Launching the CCC
It was on the fifth of April 1933 that Franklin Delano Roosevelt signed it.
It was intended to implement, in part, the provisions of “An Act for the relief of unemployment through the performance of useful public work, and for other purposes,” which became law just days earlier.1
Executive Order 6101 — signed 88 years ago today — launched the Civilian Conservation Corps.2
And, just two days later, it began to put hundreds of thousands of young unemployed American men to work.
The Legal Genealogist will spare you the language of the Executive Order itself, since about the only part that isn’t pure government-geek-speak is the part that begins “By virtue of the authority vested in me by the Act of Congress entitled ‘An Act for the relief of unemployment through the performance of useful public work, and for other purposes,’ … it is hereby ordered that …”3
The statute itself tells much more of the story:
That for the purpose of relieving the acute condition of widespread distress and unemployment now existing in the United States, and in order to provide for the restoration of the country’s depleted natural resources and the advancement of an orderly program of useful public works, the President is authorized, … to provide for employing citizens of the United States who are unemployed, in the construction, maintenance and carrying on of works of a public nature in connection with the forestation of lands belonging to the United States or to the several States which are suitable for timber production, the prevention of forest fires, floods and soil erosion, plant pest and disease control, the construction, maintenance or repair of paths, trails and fire-lanes in the national parks and national forests, and such other work on the public domain, national and State, and government reservations incidental to or necessary in connection with any projects of the character enumerated, as the President may desire to be desirable…4
And so the Civilian Conservation Corps (CCC) was born, bringing with it the creation of so many cool records that tell so much more of the stories of members of our own families.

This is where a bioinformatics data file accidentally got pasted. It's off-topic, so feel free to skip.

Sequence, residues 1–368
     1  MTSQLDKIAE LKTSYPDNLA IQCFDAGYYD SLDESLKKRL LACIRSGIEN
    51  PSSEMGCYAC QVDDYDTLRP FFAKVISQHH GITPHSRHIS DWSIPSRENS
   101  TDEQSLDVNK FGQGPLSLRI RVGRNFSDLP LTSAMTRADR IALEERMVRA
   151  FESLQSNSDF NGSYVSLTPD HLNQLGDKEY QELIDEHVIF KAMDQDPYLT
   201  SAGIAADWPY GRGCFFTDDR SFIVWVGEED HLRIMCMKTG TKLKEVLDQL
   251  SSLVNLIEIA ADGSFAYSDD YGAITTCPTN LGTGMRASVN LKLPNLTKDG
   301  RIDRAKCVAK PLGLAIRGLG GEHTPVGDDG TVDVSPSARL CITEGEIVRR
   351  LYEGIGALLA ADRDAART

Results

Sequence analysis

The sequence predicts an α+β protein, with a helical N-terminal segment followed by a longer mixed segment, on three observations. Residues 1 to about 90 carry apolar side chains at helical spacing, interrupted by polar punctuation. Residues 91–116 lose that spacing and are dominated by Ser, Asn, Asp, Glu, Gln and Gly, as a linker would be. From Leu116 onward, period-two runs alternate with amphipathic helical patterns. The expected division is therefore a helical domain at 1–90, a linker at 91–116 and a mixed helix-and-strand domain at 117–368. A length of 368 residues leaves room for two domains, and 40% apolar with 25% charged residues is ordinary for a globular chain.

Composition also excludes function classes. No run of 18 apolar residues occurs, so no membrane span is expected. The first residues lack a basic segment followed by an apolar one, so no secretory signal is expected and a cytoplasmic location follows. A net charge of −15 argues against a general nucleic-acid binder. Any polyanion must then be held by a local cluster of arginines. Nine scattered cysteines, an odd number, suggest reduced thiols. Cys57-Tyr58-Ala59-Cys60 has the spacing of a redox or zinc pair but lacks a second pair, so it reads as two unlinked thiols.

In my family, for example, we couldn’t find my mother’s oldest brother, Billy Rex Cottrell, with the family on the 1940 census.5 I knew he’d joined the Navy soon afterwards, but he hadn’t joined up yet — so where was he?
It took me awhile before it occurred to me but — sure enough — Billy had been off serving in the Civilian Conservation Corps. He was literally en route from his CCC station to his home on the enumeration date of that census. And the 12 pages of his personnel records for the time of his CCC service, from 6 October 1938 to 31 March 1940, are just priceless.6
It’s not just finding out what he’d done — he’d been a common laborer, a cook and a truck driver. Or what he’d been trained in — surveying, first aid, auto operation, radio communication, and safety, among others. It wasn’t even learning that he was a skinny 18-year-old standing 5’9″ tall and weighing 140 pounds when he went in, claiming to be an inch taller and 10 pounds heavier, or even what schools he’d attended or jobs he’d held before serving in the CCC.
It was the fact that he’d taken this on knowing that the vast majority of the whopping $30 a month he’d receive would be sent home. Home to my grandparents, struggling to raise a whole passel of younger kids.